A Book of Myths

Page: 120

In the court of Hrothgar, the number of brave warriors ever grew smaller. One man only had witnessed the terrible slaughter of one of those black nights and yet had kept his life. He was a bard—a scald—and from the land where he had seen such grim horror, he fled to the land of the Goths, and there, in the court of the king, he sang the gloomy tale of the never-ending slaughter of noble warriors by the foul Grendel of the fens and moors.

Beowulf listened, enthralled, to his song. But those who knew him saw his eyes gleam as the good steel blade of a sword gleams when it is drawn for battle, and when he asked his uncle to allow him to go to the land of the Danes and slay this filthy thing, his uncle smiled, with no surprise, and was very well content.

So it came to pass that Beowulf, in his black-prowed ship, with fourteen trusty followers, set sail from Gothland for the kingdom of Hrothgar.

The warden of the Danish coast was riding his rounds one morning when he beheld from the white cliffs a strange war-vessel making for the shore. Skilfully the men on board her ran her through the surf, and beached her in a little creek between the cliffs, and made her fast to a rock by stout cables. Only for a [Pg 251] little time the valiant warden watched them from afar, and then, one man against fifteen, he rode quickly down and challenged the warriors.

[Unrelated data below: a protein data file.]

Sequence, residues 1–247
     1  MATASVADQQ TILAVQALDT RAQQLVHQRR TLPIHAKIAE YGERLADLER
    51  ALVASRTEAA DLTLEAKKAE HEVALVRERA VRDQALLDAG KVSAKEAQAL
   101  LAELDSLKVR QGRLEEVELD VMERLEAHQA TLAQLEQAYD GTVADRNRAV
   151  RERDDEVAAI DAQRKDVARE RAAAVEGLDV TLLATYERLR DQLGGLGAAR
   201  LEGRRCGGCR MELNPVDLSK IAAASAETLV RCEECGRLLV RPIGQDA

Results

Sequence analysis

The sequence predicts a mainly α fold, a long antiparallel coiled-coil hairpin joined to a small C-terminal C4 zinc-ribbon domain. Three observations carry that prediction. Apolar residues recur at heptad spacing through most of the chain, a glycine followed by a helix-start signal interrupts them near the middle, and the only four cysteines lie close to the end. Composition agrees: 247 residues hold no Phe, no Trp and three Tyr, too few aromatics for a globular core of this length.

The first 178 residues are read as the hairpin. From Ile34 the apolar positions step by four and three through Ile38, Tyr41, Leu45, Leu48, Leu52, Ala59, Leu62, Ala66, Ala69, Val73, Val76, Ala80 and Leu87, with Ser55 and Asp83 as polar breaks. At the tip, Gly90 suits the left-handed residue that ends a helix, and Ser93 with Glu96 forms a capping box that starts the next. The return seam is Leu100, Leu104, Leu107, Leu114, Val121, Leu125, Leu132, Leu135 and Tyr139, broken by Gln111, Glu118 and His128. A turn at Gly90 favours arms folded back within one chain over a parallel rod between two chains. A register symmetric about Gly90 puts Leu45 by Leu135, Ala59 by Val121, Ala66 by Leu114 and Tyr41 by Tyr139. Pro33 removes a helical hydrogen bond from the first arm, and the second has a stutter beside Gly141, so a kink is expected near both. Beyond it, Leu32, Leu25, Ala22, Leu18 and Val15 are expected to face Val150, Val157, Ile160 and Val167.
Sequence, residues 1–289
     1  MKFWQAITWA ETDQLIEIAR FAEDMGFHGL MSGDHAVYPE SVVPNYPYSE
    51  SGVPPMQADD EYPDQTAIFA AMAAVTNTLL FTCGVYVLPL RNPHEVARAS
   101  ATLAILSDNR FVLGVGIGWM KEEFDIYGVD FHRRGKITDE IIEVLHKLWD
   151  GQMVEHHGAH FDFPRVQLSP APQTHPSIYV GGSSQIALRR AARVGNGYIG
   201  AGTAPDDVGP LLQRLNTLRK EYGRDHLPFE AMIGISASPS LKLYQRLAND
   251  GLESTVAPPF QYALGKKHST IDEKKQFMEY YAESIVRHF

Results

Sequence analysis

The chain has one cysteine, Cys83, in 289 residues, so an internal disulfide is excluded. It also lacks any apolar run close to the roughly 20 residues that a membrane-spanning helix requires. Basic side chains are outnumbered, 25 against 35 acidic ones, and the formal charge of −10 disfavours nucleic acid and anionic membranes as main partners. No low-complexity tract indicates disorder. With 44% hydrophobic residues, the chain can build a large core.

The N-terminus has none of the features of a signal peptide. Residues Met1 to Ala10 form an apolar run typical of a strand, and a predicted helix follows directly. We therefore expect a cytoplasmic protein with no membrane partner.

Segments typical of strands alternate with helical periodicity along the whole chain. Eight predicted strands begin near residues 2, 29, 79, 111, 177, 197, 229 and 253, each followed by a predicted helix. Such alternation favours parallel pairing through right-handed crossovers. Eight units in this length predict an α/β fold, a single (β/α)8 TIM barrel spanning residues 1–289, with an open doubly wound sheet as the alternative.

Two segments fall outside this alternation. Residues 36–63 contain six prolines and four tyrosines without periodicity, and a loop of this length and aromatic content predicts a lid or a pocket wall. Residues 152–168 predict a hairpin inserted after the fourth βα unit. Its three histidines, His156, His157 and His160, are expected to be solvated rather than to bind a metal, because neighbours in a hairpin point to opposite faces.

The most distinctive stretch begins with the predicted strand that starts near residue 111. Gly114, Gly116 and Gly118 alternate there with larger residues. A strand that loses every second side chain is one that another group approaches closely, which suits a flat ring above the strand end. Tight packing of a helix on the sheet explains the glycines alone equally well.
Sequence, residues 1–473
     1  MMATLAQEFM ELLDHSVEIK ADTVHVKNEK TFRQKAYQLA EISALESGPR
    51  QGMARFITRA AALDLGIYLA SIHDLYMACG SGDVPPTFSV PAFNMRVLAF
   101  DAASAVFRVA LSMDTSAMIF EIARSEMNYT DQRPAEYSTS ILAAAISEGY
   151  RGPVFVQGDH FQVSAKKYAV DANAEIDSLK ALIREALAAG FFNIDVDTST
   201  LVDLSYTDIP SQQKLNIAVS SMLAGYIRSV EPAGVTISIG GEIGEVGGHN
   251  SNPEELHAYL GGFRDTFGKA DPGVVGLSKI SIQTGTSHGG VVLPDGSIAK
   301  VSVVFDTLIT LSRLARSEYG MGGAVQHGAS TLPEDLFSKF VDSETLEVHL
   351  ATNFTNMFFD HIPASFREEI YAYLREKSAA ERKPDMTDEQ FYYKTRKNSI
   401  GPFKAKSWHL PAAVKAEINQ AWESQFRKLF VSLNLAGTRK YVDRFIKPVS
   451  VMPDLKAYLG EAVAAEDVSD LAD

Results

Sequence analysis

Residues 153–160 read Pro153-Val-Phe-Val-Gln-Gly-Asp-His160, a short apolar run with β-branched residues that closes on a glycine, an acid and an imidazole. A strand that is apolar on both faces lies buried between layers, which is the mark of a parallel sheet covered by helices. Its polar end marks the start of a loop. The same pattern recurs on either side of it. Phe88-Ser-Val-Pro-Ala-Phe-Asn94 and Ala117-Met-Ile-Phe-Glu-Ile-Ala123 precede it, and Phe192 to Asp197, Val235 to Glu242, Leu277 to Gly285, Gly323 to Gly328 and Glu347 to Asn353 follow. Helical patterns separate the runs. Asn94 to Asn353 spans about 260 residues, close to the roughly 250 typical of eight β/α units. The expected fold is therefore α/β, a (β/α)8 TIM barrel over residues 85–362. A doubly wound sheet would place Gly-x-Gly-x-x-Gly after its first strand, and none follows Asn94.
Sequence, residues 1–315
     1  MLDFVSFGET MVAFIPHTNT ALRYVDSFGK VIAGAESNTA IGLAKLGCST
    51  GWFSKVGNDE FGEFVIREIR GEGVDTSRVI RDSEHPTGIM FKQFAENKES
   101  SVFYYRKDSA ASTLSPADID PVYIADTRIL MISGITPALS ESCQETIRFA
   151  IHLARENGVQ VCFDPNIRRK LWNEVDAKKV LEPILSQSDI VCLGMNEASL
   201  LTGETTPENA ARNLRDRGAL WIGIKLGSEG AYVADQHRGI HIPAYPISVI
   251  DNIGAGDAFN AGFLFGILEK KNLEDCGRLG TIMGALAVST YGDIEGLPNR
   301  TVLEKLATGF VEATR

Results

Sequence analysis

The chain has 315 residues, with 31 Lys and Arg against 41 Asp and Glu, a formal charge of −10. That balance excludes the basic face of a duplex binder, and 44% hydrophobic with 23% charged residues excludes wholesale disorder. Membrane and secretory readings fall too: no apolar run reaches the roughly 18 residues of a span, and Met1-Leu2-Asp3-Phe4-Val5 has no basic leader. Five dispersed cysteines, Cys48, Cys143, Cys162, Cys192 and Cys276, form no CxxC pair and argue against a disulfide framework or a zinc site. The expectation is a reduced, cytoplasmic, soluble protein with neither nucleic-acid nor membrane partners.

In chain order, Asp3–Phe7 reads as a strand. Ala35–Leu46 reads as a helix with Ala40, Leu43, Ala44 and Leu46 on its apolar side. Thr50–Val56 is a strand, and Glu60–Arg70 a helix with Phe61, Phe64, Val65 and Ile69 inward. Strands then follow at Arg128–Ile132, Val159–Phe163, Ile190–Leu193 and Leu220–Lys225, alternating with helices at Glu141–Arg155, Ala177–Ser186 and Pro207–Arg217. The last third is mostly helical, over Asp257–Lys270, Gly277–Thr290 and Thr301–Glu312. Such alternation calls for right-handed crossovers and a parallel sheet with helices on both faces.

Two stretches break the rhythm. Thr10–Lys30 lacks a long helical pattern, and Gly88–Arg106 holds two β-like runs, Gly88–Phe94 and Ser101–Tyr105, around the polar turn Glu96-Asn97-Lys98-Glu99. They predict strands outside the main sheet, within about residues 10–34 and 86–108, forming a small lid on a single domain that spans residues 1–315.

“What are ye warlike men wielding bright weapons,
Wearing grey corselets and boar-adorned helmets,
Who o’er the water-paths come with your foaming keel
Ploughing the ocean surge? I was appointed
Warden of Denmark’s shores; watch hold I by the wave
That on this Danish coast no deadly enemy
Leading troops over sea should land to injure.
None have here landed yet more frankly coming
Than this fair company: and yet ye answer not
The password of warriors, and customs of kinsmen.
Ne’er have mine eyes beheld a mightier warrior,
An earl more lordly than is he the chief of you;
He is no common man; if looks belie him not,
He is a hero bold, worthily weaponed.
Anon must I know of you kindred and country,
Lest ye of spies should go free on our Danish soil.
Now ye men from afar, sailing the surging sea,
Have heard my earnest thought: best is a quick reply,
That I may swiftly know whence ye have hither come.”

Then Beowulf, with fearless eyes, gazed in the face of the warden and told him simply and unboastfully who he was, from whence he came, and what was his errand. He had come as the nation’s deliverer, to slay the thing that

“Cometh in dark of night, sateth his secret hate,
Worketh through fearsome awe, slaughter and shame.”